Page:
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Reviewers: Tony Augarde [Editor], Steve Arloff, Nick Barnard, Pierre Giroux, Don Mather, James Poore, Glyn Pursglove, George Stacy, Bert Thompson, Sam Webster, Jonathan Woolf



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KEITH JARRETT

No End

ECM 375 5519

 

 

CD1 : Parts I – X

CD2 : Parts XI – XX

Keith Jarrett – Electric guitars, Fender bass, drums, tablas, percussion,

voice, recorder, piano

 

This disc, recorded in Keith Jarrett’s home studio back in 1986, is something of a curiosity. To begin with, there is a Producer’s note which advises the listener to play the music at high volume in order to hear subtleties in the playing which may otherwise be missed. Secondly, although the piano features, it is only very briefly. The instruments involved (see above) are otherwise not usually associated with one of the giants of modern jazz piano. In the sleeve-note, Jarrett professes a long attachment to the drums and electric guitar in particular, but is self-effacing about his talents. (There’s a nice story about Stan Getz who was apparently impressed by Jarrett’s guitar playing, heard while Jarrett was sitting in with a jazz trio. Not knowing who the guitarist was, he offered him a tour with his own group. Jarrett comments ‘That must have been a rare good solo for me’.) I have an idea, too, that the title of the album, No End, is an oblique reference to the suddenness with which many of the tracks conclude, at times in what seems to be an arbitrary way. Keith himself describes it in this way: ‘Beginnings and endings were either hit-or-miss or just plain astoundingly intuitive’. What we’re talking about, then, is extemporisation rather than formal composition - not unknown for Jarrett ! In addition, of course, this is Jarrett playing a number of instruments and recorded as if he were a group.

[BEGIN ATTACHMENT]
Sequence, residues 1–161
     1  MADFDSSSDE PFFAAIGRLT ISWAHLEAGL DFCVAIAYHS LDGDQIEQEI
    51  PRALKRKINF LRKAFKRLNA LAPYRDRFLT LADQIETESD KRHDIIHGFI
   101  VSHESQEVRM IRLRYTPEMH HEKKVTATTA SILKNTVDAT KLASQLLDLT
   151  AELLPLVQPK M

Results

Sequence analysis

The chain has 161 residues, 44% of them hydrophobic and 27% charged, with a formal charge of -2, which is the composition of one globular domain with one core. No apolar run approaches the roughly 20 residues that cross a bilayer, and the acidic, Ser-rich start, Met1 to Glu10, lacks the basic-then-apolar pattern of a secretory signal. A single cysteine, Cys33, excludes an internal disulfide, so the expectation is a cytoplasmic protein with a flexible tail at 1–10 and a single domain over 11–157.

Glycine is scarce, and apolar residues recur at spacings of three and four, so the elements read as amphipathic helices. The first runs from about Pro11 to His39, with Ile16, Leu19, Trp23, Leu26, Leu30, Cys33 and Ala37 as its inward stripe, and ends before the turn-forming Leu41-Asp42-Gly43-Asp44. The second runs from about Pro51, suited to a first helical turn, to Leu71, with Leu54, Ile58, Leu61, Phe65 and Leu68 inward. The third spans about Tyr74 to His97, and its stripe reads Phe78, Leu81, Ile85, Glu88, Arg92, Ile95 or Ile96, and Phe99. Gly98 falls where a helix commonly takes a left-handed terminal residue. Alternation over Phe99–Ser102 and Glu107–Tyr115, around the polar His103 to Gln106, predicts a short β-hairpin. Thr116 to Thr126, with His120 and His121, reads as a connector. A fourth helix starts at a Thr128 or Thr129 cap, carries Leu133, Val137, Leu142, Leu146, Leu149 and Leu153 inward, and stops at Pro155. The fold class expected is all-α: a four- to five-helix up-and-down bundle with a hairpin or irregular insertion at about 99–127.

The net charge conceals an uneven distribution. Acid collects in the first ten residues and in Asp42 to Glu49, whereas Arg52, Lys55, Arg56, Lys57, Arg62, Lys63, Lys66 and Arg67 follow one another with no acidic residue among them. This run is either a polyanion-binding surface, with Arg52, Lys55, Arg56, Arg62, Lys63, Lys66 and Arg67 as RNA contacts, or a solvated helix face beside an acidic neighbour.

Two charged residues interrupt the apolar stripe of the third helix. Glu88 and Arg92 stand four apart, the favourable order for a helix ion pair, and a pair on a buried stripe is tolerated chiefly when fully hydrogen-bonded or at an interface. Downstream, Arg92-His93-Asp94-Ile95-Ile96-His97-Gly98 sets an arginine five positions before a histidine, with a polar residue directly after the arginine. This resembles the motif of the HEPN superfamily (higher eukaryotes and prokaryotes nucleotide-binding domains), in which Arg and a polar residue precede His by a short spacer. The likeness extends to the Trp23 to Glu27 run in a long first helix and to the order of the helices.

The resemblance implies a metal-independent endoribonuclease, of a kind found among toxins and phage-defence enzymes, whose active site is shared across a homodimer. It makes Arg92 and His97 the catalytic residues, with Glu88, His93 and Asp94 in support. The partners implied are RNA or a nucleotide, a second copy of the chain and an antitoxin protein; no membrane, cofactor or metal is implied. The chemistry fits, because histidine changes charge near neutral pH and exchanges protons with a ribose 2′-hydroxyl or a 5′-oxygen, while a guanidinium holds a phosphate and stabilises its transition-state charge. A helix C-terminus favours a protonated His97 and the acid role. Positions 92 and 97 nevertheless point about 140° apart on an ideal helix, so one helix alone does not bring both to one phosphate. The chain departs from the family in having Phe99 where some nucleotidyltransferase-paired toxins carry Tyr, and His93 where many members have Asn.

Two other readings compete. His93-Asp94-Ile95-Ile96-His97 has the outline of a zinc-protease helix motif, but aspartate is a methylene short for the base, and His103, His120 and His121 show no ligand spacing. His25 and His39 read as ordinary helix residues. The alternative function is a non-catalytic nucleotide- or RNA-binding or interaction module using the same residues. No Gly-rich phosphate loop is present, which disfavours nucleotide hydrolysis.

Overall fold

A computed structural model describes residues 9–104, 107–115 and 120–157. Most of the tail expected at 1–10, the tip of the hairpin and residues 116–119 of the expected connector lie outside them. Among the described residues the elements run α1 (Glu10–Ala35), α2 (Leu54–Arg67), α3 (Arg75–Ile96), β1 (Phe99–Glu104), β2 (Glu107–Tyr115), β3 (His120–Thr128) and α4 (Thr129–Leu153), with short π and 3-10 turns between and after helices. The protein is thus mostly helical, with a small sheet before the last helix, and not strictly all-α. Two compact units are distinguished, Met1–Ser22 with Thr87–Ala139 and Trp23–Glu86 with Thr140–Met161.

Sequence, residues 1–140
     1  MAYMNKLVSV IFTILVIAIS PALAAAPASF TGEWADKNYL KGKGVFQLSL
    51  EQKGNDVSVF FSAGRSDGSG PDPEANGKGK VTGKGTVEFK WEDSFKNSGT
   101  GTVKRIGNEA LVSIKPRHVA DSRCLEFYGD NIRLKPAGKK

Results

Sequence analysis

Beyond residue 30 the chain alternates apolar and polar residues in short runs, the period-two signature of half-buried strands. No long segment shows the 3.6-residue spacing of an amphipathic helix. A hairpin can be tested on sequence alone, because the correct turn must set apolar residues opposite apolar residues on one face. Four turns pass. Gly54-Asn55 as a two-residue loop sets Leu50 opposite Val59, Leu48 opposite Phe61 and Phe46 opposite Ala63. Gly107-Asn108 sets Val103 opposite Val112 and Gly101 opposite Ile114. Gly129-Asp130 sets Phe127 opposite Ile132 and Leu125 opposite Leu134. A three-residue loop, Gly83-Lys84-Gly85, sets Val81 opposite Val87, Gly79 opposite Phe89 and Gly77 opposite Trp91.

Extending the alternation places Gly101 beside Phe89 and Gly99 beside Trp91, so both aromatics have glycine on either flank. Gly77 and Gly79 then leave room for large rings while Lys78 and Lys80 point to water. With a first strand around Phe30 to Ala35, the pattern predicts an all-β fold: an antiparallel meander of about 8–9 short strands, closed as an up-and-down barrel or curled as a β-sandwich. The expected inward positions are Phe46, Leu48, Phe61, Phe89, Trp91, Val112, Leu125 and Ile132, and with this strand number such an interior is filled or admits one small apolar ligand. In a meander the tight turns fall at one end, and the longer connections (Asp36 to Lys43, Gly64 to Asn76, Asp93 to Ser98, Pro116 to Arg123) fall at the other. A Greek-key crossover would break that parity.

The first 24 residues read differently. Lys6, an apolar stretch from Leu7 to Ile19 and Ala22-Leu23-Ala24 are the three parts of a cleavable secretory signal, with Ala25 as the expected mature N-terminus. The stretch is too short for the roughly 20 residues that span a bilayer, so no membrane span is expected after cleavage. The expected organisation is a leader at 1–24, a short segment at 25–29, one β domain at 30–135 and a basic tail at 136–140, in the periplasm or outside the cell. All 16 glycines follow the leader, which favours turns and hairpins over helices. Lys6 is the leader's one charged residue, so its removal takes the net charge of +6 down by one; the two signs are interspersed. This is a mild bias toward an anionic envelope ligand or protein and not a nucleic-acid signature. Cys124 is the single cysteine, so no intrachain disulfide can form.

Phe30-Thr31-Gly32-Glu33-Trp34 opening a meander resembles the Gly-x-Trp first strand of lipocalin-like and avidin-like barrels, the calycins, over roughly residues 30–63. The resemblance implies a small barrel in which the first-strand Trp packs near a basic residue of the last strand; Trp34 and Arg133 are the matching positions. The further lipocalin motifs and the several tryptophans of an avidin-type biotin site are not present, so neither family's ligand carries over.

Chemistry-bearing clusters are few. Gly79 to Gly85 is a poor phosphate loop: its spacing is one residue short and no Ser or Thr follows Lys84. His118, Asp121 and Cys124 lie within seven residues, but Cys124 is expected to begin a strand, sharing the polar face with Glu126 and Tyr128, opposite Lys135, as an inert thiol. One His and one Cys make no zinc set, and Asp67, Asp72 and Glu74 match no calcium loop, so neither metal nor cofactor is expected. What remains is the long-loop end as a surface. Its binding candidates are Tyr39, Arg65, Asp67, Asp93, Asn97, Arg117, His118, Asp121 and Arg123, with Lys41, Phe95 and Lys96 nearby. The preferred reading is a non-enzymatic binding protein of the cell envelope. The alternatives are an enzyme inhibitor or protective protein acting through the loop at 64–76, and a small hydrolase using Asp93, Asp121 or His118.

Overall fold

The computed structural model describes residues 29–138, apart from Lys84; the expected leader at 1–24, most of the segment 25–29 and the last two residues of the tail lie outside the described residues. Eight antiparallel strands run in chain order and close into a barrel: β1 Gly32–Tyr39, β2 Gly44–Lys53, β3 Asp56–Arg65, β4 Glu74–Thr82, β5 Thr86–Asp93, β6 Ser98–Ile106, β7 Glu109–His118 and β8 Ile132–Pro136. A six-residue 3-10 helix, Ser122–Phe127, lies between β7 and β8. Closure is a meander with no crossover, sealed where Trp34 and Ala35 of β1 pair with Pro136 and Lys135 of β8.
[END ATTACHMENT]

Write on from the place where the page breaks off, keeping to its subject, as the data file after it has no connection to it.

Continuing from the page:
The range of styles and genres evident here, especially on guitar, is fascinating. Eastern, Hawaiian, rock-influenced, Latin-tinged, all are here at various points. Of the tracks I warmed to, V on CD1 makes for pleasant listening with Jarrett’s trademark background vocals (noises?) apparent. VI, though meandering is also very listenable. On track X, there is some piano, at last, albeit briefly, but a richer, fuller group sound with one of the better guitar contributions. Track XII on CD2 is altogether more melodic than most others on the disc and features a recognisable theme, good interaction between Fender bass and guitar as well as being one of the longer tracks at just over six minutes.

There are other tracks which make rewarding listening (track XI has some relaxed guitar improvisation and track XV contains quietly impassioned guitar). All in all, though, there’s insufficient variety when spread across two discs. I suspect that Jarrett completists will want this album and that curiosity may draw others to give it a try, but that there won’t be a large market for it, despite Keith Jarrett’s enduring appeal and his musical virtuosity.

James Poore

 



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